'The Necessity of Bodies: Redux'
We’ve paid steeply to control this virus. The price has not just been in government borrowing but in the tattered warp and weft of our common life. Maybe the price has been worth paying: even under lockdown, a staggering 126,000 UK citizens died within 28 days of a Covid test over the last year. But the cost has been unfathomable as well, both individually and collectively — and it has not been evenly borne.
Over the past year, I ran more than a thousand miles. I counted my blessings with every step. Compared to many I have been lucky. I kept running as the hedgerows blossomed, greened, fruited and blew bare, and the world outside came increasingly to resemble a bleak and hallucinatory shadow-show. Even if everything else has seemed insubstantial, the paths under my feet stayed put: unchanged except by the seasons coming and going.
It’s easy to conclude that it’s all unreal, and to turn away. But the point is precisely that that out there is not a shadow-show: it’s an emerging new normal. It’s just difficult to see, because everything now, from our media to government lockdown policy, seems geared toward “just me” or “everything” — but nothing in between.
Who cares about local life, now our public conversation happens online, at colossal scale, in terms set by Chinese ambassadors and Ivy League social justice evangelists and massaged by algorithms? The answer has to be: us. We care. Even as it’s grown harder to see our life in common, we need it more than ever. The alternative is a future governed purely by Aella’s Law: an unjust, atomised, deeply inhuman place.
I’m hesitant to belabor this point, especially because I’ve already written about this. Additionally, I’ve become more hopeful about things on this side of the pond, with the accelerating output of vaccinations and whatnot. I’m also trying to think in more constructive terms generally — not just bitching about Things That Grind Robbie’s Gears. But, I think that Harrington’s warning about Aella’s Law bears hearing. I encourage you to read the entire piece.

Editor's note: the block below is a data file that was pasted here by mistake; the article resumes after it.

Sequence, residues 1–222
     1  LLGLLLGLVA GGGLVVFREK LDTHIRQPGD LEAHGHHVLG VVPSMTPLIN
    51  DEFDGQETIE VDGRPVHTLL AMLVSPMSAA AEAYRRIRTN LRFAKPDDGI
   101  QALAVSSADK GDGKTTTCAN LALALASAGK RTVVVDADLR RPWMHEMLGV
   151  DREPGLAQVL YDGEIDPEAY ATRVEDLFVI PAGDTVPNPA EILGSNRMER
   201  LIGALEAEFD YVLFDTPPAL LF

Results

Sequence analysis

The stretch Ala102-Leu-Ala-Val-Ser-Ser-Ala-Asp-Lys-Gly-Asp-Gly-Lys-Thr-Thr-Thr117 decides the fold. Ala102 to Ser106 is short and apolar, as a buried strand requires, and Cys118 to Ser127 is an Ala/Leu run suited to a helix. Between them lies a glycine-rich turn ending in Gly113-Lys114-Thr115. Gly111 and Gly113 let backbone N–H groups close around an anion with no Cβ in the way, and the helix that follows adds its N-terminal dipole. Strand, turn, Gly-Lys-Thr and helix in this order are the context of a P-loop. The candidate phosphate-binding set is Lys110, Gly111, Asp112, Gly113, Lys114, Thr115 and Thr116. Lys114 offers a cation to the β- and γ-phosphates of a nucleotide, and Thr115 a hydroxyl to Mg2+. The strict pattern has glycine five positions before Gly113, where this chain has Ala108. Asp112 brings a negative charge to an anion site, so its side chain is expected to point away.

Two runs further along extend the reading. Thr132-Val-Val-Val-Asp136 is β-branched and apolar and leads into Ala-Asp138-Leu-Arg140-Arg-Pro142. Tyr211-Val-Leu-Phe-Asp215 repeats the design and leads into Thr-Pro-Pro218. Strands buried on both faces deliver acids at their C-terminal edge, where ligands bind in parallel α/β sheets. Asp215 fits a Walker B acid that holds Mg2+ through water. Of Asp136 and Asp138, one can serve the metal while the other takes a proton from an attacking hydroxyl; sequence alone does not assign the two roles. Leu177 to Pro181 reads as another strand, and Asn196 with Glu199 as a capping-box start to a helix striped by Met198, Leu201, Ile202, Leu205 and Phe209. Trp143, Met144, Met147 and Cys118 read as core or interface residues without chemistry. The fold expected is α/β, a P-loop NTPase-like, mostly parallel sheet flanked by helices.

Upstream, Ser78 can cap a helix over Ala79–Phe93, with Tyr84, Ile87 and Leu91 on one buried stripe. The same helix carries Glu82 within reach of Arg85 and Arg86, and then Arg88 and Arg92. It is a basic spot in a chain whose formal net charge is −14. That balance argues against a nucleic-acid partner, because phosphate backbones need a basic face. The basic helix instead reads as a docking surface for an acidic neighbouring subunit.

I sometimes (often?) express antipathy toward media, corporate, and governmental institutions, and I worry that I sound like a raving anti-mask Q-anon enthusiast to my friends and family. But this last year has been boon for entities that parasitically thrive on crises. The pandemic gave our Bay Area overlords the opportunity to augment surveillance capitalism with the shock doctrine. When I hear politicians (whose campaigns often receive considerable financing from Silicon Valley) extol the virtues of draconian health and safety measures, the reality of “disaster capitalism” colors my perspective. Amazon, Zoom, and Netflix have all had a banner year.
Like I said, I’ve been feeling something like hope, maybe even optimism, lately. Spring is arriving here in Virginia, I just returned from a road trip through the deep south to Florida (the subject of another post), and I have my first Pfizer Nectar appointment scheduled. This optimism causes me to cringe a bit at Harrington’s use of that damnable phrase, “new normal”. As the risks of conviviality and embodiment continue to abate, I think people will be beating down the doors of bars, churches, and music venues; I’d even say they already are.
The remarkable thing about the attention economy is that in order to be free even while living in the midst of it, you simply need to be deliberate about where you direct your attention. As people are increasingly unhappy with the psychological regime of outrage and terror, they discover all they need to do is walk away. It doesn’t take much to remember that Doordash, YouTube, and livestreams are poor substitutes for the things they mediate.
Harrington says that we need to be the people who care about our local life. If the conversations I’ve had with friends and colleagues are any indication, many already do care. And this gives me hope.